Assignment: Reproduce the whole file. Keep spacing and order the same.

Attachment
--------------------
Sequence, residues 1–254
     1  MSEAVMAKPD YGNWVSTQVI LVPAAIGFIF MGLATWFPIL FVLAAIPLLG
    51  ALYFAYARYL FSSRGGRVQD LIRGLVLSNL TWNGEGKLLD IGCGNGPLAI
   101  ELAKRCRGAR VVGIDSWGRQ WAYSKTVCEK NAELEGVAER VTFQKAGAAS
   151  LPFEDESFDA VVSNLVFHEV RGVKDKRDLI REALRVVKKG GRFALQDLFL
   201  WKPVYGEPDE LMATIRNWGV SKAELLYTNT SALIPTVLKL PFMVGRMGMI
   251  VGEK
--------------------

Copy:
Sequence, residues 1–254
     1  MSEAVMAKPD YGNWVSTQVI LVPAAIGFIF MGLATWFPIL FVLAAIPLLG
    51  ALYFAYARYL FSSRGGRVQD LIRGLVLSNL TWNGEGKLLD IGCGNGPLAI
   101  ELAKRCRGAR VVGIDSWGRQ WAYSKTVCEK NAELEGVAER VTFQKAGAAS
   151  LPFEDESFDA VVSNLVFHEV RGVKDKRDLI REALRVVKKG GRFALQDLFL
   201  WKPVYGEPDE LMATIRNWGV SKAELLYTNT SALIPTVLKL PFMVGRMGMI
   251  VGEK